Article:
Another neat ruse to boost the numbers of black and Hispanic students, and to stymie white and Asian applicants, is to place a very high value on subjective factors such as character and likability, and then to find whites and Asians deficient in these qualities en masse. Harvard has been accused of doing exactly that, and such strategies will proliferate in the wake of the recent SCOTUS decision. Indeed, the majority opinion, written by Chief Justice John Roberts, practically recommended such an approach: “…nothing in this opinion should be construed as prohibiting universities from considering an applicant’s discussion of how race affected his or her life, be it through discrimination, inspiration, or otherwise.” If, therefore, one assumes (systematically) that black and Hispanic students have superior “grit,” because they have had to shoulder their way through “systemic racism” all their lives, whereas whites and Asians have lived lives of idle privilege, then a new, superficially “race-neutral” form of discrimination might be permissible.
Expect, therefore, almost every institution of American higher education to reach deep down into its bag of tricks to ensure that this Supreme Court ruling has little or no practical effect on the demographics of the students who attend our colleges and universities, nor on the background of faculty, staff, and administrators, all of whom will continue to grow less white (though not necessarily less Asian), by the day, as leftists insist they should and must. This is the “social justice” ideology to which almost all colleges and universities are implacably committed. It would mortify them, by contrast, to see any demographic indicators move in the “wrong” direction. And so they won’t.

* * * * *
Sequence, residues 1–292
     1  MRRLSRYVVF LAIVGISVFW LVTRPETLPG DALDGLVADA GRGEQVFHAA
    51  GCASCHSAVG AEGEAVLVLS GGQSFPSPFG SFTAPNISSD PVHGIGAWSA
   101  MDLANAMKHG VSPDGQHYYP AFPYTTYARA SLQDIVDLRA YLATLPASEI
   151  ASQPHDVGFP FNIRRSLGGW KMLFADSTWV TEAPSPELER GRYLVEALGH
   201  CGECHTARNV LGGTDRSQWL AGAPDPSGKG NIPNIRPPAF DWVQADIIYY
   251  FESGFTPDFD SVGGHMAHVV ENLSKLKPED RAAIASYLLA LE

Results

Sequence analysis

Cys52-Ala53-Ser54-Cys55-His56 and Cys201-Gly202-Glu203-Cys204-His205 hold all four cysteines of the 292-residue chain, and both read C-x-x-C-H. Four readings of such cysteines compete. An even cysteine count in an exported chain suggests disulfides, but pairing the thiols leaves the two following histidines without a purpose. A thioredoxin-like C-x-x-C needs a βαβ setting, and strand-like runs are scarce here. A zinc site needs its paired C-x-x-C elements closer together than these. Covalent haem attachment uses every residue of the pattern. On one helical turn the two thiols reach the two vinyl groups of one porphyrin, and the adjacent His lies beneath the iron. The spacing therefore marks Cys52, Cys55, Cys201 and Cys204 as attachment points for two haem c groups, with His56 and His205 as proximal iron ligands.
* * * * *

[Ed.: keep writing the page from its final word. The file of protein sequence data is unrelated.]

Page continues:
What’s more, institutions of higher ed are beholden to accrediting bodies, and other oversight authorities, which are captive to the DEI agenda. Any college or university that actually practiced color blind admissions or hiring would quickly find itself in big trouble with accreditors, with the federal Department of Education, and with the media and the donor class. This assumes, of course, that some institutions of higher learning might actually dissent from DEI orthodoxy. There is precious little evidence that any of them do.
Ergo, don’t expect one Supreme Court decision to dent, even slightly, the culture of identity politics that infuses the progressive movement, the Democratic Party, and American education as a whole, including colleges and universities. These forces in America all have one thing in common: they view meritocracy as analogous to white supremacy, and they demand that government and other powerful institutions act to promote the advancement of disadvantaged groups, even at the cost of fairness to individuals. We can expect them to act accordingly.
Dr. Nicholas L. Waddy is an Associate Professor of History at SUNY Alfred and blogs at: www.waddyisright.com. He appears on the Newsmaker Show on WLEA 1480/106.9.